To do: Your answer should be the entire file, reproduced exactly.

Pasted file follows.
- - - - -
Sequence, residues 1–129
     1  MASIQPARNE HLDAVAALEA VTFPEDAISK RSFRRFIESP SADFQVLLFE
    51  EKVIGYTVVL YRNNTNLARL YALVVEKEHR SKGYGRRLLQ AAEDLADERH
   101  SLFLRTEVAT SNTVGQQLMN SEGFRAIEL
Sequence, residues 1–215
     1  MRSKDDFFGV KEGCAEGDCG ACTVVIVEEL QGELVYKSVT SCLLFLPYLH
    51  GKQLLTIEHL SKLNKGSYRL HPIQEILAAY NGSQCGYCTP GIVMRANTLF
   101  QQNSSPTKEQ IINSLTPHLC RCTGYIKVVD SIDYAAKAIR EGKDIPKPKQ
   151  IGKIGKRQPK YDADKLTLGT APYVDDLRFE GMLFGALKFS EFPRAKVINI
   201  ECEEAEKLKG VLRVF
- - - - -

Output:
Sequence, residues 1–129
     1  MASIQPARNE HLDAVAALEA VTFPEDAISK RSFRRFIESP SADFQVLLFE
    51  EKVIGYTVVL YRNNTNLARL YALVVEKEHR SKGYGRRLLQ AAEDLADERH
   101  SLFLRTEVAT SNTVGQQLMN SEGFRAIEL
Sequence, residues 1–215
     1  MRSKDDFFGV KEGCAEGDCG ACTVVIVEEL QGELVYKSVT SCLLFLPYLH
    51  GKQLLTIEHL SKLNKGSYRL HPIQEILAAY NGSQCGYCTP GIVMRANTLF
   101  QQNSSPTKEQ IINSLTPHLC RCTGYIKVVD SIDYAAKAIR EGKDIPKPKQ
   151  IGKIGKRQPK YDADKLTLGT APYVDDLRFE GMLFGALKFS EFPRAKVINI
   201  ECEEAEKLKG VLRVF